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If Russia invades Ukraine, what happens next?

Many Ukrainians wouldn’t favor a pro-Russian leader — but would the U.S. support an anti-Russian insurgency?

A service member of the Ukrainian armed forces walks along combat positions near the line of separation from Russian-backed rebels near Horlivka in the Donetsk region, Ukraine, on Jan. 20. (Anna Kudriavtseva/Reuters)
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In the event of a Russian incursion into Ukraine, what happens next? One report suggests the Biden administration would consider making Ukraine ungovernable by supporting and supplying arms to local resistance groups. Rather than using NATO forces to deter a Russian attack or openly allying with the Ukrainian government, the United States might support an indigenous resistance if Russia invades Ukraine.

If the Biden administration did that, it would appear to be setting the stage for a repeat of U.S. support for another insurgency — one that led to the denouement of the 1979 Soviet invasion of Afghanistan. Both Secretary of Defense Lloyd Austin and Chair of the Joint Chiefs Gen. Mark A. Milley have warned their Russian counterparts that any incursion would be followed by an insurgency. But it’s a policy with significant cost, and a move likely to leave a shattered country in its wake.

Russia’s strategy involves indirect rule

My research on indirect rule suggests Russia is unlikely to formally incorporate Ukraine (or any other former satellite) into some new version of the Soviet empire. Although the port and naval facilities in the Crimea might have been worth seizing, the rest of the Ukraine is more symbolic than essential to Russia’s security and economy.

Why would Putin invade Ukraine?

Rather than risk international opprobrium for terminating the sovereignty of a recognized member of the international community, Moscow is more likely to try to subvert the current government of President Volodymyr Zelensky and rule indirectly through a pro-Russian Ukrainian proxy, much as happened under another Ukrainian leader, Viktor Yanukovych. To the extent that Russian President Vladimir Putin seeks to block NATO’s expansion further to the east, this approach ensures pro-Russian leaders in the target countries would rebuff any Western invitations.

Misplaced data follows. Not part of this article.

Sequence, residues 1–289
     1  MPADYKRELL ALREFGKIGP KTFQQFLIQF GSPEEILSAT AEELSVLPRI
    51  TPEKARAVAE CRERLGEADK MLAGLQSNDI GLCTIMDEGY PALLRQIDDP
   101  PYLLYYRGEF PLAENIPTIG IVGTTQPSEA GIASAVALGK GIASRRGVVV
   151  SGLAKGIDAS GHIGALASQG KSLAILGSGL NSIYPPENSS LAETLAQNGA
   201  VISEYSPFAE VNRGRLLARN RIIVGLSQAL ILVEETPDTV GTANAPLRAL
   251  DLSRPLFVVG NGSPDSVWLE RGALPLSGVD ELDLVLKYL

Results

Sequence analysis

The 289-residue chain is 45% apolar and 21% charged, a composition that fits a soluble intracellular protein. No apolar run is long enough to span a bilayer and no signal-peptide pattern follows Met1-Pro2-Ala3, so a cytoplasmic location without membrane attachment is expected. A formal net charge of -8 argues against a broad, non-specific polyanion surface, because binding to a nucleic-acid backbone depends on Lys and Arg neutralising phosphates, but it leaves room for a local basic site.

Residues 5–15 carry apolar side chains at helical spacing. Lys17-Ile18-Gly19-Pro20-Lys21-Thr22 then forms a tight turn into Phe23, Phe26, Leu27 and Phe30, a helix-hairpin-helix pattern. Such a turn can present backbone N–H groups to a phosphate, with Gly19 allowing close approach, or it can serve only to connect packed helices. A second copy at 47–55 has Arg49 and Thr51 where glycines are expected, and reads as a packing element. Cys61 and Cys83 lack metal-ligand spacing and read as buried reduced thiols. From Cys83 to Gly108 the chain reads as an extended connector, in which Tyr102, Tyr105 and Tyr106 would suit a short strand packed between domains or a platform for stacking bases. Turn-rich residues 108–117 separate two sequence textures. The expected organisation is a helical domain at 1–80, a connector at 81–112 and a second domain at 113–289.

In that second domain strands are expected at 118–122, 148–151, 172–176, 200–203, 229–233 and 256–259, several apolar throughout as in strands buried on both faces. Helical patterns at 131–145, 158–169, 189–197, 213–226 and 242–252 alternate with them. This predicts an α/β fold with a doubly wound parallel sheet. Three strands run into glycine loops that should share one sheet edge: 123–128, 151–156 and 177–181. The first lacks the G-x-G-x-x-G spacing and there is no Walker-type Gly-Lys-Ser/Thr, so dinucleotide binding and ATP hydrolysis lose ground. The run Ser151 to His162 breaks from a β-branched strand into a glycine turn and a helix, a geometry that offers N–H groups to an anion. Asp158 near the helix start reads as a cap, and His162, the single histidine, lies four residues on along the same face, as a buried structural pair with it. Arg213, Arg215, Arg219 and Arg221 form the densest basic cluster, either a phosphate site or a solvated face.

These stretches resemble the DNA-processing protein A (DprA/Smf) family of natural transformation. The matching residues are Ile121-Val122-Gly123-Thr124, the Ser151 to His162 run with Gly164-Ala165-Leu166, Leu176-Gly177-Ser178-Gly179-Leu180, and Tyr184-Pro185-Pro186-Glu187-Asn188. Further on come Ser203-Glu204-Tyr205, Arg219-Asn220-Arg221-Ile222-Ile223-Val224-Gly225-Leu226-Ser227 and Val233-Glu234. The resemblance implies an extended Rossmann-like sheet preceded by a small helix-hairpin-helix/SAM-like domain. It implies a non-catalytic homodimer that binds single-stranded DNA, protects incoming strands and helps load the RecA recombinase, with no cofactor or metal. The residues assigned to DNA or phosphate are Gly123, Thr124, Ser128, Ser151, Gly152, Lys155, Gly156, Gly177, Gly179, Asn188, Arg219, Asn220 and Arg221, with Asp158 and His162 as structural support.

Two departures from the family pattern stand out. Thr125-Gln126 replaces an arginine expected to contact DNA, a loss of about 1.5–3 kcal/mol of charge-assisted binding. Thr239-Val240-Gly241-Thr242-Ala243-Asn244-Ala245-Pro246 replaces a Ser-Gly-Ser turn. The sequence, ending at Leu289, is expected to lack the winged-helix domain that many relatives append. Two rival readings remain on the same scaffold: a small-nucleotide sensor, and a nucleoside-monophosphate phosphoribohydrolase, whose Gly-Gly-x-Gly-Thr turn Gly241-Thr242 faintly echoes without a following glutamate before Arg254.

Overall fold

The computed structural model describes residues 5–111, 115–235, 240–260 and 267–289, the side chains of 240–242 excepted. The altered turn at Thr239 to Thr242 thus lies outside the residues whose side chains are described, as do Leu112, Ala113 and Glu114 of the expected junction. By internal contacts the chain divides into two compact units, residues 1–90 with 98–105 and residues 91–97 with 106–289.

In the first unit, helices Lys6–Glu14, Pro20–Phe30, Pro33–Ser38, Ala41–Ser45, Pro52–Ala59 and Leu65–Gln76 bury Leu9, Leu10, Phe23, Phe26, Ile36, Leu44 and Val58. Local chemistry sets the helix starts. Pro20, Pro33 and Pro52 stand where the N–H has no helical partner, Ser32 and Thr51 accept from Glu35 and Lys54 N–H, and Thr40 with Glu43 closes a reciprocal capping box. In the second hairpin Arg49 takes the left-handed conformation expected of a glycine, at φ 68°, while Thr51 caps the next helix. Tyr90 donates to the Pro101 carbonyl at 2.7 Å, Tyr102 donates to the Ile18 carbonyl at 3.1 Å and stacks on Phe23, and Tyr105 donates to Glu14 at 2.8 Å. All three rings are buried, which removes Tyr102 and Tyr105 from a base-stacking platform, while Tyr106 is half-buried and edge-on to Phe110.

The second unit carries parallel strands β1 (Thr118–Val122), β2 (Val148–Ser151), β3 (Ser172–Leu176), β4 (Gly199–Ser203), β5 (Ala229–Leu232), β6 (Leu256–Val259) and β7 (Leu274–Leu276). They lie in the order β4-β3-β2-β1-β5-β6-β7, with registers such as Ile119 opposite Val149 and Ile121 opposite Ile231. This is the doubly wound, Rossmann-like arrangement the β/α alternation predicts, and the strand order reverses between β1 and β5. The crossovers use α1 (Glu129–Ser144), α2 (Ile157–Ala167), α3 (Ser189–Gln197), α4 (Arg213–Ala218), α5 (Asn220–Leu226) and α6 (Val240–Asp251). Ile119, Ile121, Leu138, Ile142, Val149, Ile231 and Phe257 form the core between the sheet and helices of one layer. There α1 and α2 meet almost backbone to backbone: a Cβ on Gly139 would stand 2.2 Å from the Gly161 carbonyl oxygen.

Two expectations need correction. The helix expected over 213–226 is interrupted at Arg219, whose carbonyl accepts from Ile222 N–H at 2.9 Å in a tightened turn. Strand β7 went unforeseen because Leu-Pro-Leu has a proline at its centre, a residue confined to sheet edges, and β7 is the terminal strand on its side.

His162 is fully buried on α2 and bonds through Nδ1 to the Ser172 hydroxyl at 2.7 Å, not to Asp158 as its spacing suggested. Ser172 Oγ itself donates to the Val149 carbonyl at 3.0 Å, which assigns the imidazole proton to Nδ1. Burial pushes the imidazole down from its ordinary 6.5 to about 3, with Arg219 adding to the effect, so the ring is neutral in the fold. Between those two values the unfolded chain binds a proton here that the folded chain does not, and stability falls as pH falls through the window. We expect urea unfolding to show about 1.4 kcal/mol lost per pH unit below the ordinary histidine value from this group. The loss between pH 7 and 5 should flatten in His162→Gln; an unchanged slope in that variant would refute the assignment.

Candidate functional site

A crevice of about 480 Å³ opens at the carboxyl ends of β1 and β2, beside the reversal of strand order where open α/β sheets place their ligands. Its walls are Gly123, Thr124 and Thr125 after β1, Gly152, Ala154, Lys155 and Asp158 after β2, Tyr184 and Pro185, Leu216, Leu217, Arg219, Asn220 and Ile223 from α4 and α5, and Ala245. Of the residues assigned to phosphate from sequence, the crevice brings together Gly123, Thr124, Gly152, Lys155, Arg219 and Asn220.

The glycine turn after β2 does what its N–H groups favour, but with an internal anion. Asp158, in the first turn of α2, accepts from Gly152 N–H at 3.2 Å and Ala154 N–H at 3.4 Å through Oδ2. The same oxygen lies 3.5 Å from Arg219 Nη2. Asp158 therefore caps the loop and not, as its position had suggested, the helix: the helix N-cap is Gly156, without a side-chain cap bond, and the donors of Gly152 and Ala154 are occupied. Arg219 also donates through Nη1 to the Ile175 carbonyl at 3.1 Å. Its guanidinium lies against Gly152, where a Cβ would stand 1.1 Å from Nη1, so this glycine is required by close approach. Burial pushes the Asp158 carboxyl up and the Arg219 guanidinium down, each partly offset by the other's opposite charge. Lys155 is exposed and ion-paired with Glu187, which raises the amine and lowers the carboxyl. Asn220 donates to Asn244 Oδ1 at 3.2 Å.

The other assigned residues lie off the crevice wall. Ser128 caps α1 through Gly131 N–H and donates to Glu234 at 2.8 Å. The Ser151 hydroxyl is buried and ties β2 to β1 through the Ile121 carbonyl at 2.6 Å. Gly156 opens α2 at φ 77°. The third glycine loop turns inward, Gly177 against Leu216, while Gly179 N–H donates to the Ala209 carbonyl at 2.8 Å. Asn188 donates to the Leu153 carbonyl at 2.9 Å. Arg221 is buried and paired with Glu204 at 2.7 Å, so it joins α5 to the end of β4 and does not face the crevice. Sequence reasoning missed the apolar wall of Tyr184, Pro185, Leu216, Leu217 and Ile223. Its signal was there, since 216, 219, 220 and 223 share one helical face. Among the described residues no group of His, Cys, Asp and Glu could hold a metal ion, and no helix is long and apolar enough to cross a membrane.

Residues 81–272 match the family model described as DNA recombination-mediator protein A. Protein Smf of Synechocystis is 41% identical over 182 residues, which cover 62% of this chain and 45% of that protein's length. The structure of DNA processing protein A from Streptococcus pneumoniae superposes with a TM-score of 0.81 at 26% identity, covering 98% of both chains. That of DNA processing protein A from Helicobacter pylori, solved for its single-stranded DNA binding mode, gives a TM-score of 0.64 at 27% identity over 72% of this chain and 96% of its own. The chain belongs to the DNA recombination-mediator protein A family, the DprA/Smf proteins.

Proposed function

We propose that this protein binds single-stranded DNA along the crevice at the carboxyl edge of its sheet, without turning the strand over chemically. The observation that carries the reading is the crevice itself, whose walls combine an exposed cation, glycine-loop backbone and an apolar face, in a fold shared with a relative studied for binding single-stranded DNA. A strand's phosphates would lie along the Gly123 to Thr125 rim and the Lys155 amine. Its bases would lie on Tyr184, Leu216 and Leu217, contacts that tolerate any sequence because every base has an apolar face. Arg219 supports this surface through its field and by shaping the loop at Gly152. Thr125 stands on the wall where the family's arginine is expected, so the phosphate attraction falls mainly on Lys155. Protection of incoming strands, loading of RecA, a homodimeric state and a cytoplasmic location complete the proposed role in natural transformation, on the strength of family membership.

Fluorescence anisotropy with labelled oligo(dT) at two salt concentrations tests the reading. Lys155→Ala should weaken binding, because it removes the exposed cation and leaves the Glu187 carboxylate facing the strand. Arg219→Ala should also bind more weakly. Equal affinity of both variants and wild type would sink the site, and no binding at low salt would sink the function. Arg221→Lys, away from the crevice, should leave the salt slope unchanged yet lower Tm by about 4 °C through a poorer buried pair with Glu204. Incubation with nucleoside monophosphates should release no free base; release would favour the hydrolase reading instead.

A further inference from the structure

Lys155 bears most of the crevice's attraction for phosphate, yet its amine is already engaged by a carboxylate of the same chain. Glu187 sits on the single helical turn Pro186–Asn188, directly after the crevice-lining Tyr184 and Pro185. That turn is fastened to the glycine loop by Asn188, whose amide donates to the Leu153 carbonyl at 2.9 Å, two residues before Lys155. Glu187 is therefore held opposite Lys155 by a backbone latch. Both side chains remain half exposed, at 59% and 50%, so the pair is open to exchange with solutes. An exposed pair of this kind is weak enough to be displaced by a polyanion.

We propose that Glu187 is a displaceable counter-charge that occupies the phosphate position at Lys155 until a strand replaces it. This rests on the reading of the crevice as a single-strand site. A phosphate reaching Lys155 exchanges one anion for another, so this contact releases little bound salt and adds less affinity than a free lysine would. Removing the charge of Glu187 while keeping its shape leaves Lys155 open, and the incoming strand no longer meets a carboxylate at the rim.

Russia’s strategy is a classic one of building spheres of influence through indirect rule. Though his motives are intentionally obscured, Putin is most likely seeking client regimes dependent on Russia — and willing to follow the Kremlin’s lead on foreign policy.

Great powers most often exert influence by tipping the political scales within a target country toward factions sympathetic to their own policy preferences. Once in power, the winning faction then enacts policies to benefit both itself and the great power behind its political victory.

Not all cases of indirect rule rely on direct military intervention. Russia’s intervention in Belarus in 2020 in support of Alexander Lukashenko and recent expedition in Kazakhstan in support of Kassym-Jomart Tokayev are extreme examples of indirect rule. Once Russia has secured a client in power who cannot survive on his own, compliance on foreign policy issues is likely to follow.

If these clients face domestic unrest, the great power will intervene to ensure their continued rule. A week ago in Kazakhstan, a brief intervention signaled Putin’s support for Tokayev — and helped quell widespread protests. Knowing that his regime survived only with Russia’s aid, Tokayev is now indebted to Moscow. Russia has employed this strategy elsewhere, including support for Bashar al-Assad in Syria and Nicolás Maduro in Venezuela.